Glucosamine (C6H13NO5) is an amino sugar and a prominent precursor in the biochemical synthesis of glycosylated proteins and lipids. Glucosamine is part of the structure of the polysaccharides, chitosan, and chitin. Glucosamine is one of the most abundant monosaccharides. It is produced commercially by the hydrolysis of crustacean exoskeletons or, less commonly, by fermentation of a grain such as corn or wheat.

Evidence for the effectiveness of glucosamine as a dietary supplement is mixed. In the United States, it is one of the most common dietary supplements used by adults that is neither a vitamin nor a mineral.

Gârcina mine

The Gârcina mine is a large potash mine located in eastern Romania in Neamţ County, close to Gârcina. Gârcina represents one of the largest potash reserves in Romania having estimated reserves of 300 million tonnes of ore grading 10% potassium chloride metal.

Ionic crystal

An ionic crystal is a crystal consisting of ions bound together by their electrostatic attraction. Examples of such crystals are the alkali halides, including potassium fluoride, potassium chloride, potassium bromide, potassium iodide, sodium fluoride, and other combinations of sodium, caesium, rubidium, or lithium ions with fluoride, bromide, chloride or iodide ions.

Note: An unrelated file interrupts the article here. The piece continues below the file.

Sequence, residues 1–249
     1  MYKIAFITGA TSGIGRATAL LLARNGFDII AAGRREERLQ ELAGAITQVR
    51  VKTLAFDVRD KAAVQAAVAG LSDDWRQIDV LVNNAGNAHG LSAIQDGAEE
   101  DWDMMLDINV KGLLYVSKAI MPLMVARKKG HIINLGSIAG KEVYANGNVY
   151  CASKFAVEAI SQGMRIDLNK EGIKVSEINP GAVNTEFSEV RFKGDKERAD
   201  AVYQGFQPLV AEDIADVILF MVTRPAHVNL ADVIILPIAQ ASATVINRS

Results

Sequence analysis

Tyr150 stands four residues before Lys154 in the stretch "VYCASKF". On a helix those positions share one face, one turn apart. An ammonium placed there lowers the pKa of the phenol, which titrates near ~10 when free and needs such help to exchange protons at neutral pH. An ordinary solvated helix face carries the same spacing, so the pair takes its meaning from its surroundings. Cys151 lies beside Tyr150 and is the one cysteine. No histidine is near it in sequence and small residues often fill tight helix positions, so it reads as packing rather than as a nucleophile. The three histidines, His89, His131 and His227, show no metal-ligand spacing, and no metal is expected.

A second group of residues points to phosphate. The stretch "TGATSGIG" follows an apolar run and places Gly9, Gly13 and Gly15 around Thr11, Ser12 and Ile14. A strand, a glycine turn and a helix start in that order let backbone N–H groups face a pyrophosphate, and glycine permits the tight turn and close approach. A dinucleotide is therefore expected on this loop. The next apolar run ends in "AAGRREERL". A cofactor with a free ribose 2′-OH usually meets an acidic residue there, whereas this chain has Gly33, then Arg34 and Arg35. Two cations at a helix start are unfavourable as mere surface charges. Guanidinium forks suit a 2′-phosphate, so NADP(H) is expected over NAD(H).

NaCl has a 6:6 co-ordination.

The properties of NaCl reflect the strong interactions that exist between the ions. It is a good conductor of electricity when molten, but very poor in the solid state. When fused the mobile ions carry charge through the liquid.

They are characterized by strong absorption of infrared radiation and have planes along which they cleave easily.

The exact arrangement of ions in an ionic lattice varies according to the size of the ions in the solid.

Na-K-Cl cotransporter

The Na-K-Cl cotransporter (NKCC) is a protein that aids in the active transport of sodium, potassium, and chloride into cells. In humans there are two isoforms of this membrane transport protein, NKCC1 and NKCC2, encoded by two different genes (SLC12A2 and SLC12A1 respectively). Two isoforms of the NKCC1/Slc12a2 gene result from keeping (isoform 1) or skipping (isoform 2) exon 21 in the final gene product.NKCC1 is widely distributed throughout the human body; it has important functions in organs that secrete fluids. NKCC2 is found specifically in the kidney, where it serves to extract sodium, potassium, and chloride from the urine so that they can be reabsorbed into the blood.